OAO Uralkali, the world’s largest potash producer by output, will seek to maintain prices as it prepares to sign contracts with India and China and global droughts impoverish the soil, said Chief Executive Officer Vladislav Baumgertner.
“We will do our best to protect the current prices,” Baumgertner said in an interview at Bloomberg headquarters in New York yesterday. “We see a stable price environment in key markets this year.”
Dry weather in countries including the U.S., Australia and Russia this year has left soil parched, damaging crops. Potash, a form of potassium, is used by farmers to strengthen stalks and roots and help plants fight disease.
Uralkali jumped 2.9 percent to $42.18 by 1:12 p.m. in London, heading for the highest close since July 20. The shares rose 0.8 percent to 259.22 rubles in Moscow, extending its gain this year to 11 percent. The ruble-denominated Micex (INDEXCF) benchmark stock index has gained more than 9 percent in 2012.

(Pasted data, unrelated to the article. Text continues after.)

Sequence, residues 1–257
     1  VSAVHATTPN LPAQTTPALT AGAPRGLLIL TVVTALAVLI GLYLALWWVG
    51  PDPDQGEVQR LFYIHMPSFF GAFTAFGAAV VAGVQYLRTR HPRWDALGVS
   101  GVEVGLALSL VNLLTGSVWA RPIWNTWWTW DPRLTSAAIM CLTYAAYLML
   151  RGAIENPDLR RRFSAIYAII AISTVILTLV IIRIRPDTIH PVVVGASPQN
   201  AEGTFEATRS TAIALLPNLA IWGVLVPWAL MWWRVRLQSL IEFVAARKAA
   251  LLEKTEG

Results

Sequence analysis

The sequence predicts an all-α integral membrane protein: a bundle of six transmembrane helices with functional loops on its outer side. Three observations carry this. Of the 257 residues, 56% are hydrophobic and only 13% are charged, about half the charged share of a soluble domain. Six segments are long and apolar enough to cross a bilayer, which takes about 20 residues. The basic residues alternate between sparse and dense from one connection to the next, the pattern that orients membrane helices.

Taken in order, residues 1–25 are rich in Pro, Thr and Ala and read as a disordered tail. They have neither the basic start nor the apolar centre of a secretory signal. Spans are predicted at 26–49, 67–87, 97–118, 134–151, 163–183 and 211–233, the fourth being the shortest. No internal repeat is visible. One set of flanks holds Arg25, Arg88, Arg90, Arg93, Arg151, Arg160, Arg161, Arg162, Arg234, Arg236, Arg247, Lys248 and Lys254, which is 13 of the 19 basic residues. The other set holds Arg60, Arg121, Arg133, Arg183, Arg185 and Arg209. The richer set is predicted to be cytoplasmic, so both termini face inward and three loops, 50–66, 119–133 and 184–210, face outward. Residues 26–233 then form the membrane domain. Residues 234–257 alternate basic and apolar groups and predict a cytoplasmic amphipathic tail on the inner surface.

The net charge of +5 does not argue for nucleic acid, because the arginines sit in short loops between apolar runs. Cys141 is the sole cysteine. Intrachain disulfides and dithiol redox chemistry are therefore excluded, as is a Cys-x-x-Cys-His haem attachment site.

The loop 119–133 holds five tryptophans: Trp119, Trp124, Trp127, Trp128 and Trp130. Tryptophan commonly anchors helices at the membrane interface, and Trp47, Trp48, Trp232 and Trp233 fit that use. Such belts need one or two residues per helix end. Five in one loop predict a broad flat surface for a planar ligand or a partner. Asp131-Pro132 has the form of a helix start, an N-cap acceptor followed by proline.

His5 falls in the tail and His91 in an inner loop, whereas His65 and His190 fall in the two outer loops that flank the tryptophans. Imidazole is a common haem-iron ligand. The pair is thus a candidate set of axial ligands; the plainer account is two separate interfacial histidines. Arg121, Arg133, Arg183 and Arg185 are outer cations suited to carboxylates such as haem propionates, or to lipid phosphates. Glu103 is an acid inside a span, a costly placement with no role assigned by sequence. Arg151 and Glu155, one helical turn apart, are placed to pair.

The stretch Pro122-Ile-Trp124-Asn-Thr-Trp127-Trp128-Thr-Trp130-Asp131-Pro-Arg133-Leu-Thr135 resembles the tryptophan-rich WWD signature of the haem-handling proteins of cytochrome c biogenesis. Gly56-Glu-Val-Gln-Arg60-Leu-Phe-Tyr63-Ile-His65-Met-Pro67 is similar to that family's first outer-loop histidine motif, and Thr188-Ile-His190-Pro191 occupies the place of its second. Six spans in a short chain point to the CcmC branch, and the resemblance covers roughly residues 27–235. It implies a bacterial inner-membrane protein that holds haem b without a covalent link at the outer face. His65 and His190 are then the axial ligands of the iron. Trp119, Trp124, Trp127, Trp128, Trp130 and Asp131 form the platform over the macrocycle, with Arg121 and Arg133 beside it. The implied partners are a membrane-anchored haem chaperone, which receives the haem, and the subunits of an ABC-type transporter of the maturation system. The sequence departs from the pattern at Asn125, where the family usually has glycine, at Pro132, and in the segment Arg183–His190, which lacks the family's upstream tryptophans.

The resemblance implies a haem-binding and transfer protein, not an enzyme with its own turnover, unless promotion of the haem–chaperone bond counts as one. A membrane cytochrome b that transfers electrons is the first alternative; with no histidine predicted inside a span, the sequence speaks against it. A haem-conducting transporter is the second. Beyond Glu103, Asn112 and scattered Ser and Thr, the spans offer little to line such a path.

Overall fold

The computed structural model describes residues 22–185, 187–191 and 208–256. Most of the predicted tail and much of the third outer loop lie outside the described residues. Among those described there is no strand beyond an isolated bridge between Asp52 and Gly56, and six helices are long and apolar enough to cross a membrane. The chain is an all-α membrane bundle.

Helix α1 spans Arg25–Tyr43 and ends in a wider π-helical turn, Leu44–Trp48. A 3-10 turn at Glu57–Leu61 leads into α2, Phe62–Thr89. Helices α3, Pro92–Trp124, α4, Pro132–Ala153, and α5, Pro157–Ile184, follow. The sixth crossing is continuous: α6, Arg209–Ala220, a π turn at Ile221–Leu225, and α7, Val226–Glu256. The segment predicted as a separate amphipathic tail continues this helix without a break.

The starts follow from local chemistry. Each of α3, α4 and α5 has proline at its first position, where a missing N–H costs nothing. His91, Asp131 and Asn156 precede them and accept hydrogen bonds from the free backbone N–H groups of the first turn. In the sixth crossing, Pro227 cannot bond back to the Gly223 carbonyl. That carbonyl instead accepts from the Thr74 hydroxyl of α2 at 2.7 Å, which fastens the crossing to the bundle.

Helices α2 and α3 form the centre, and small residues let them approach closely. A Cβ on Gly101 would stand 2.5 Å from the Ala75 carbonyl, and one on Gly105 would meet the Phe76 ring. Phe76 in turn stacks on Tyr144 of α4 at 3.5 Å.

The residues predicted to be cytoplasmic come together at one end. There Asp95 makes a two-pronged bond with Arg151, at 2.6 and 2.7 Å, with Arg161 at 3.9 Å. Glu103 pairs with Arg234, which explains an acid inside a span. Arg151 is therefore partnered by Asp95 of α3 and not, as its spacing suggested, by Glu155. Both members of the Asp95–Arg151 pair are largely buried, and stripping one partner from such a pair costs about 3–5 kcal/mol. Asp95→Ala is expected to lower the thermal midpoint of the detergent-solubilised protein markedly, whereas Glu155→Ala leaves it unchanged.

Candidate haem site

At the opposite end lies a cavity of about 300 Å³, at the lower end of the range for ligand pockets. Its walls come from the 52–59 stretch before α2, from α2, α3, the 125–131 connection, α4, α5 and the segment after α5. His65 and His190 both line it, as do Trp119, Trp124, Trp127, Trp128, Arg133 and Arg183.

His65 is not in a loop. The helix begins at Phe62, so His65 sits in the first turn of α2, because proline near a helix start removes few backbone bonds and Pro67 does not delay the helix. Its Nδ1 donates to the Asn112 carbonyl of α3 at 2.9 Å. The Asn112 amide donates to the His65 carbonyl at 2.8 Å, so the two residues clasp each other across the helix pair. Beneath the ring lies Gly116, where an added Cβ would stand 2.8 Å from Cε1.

Uralkali will probably sign a new contract with China by November and a new contract with India “immediately after that,” he said. Belarusian Potash Co., a trader part owned by Uralkali, has held the potash price for China at $470 a metric ton since the second half of 2011, and for India at $490 a ton since August 2011.
The devaluation of the Indian rupee and an end of subsidies for farmers reduced demand for Uralkali’s potash, Baumgertner said. China and India could generate an increase in fertilizer consumption if the nations focus on domestic food production as opposed to imports, he said.
“We don’t see governments in China and India acting rationally,” Baumgertner said. “But we see huge potential there.”
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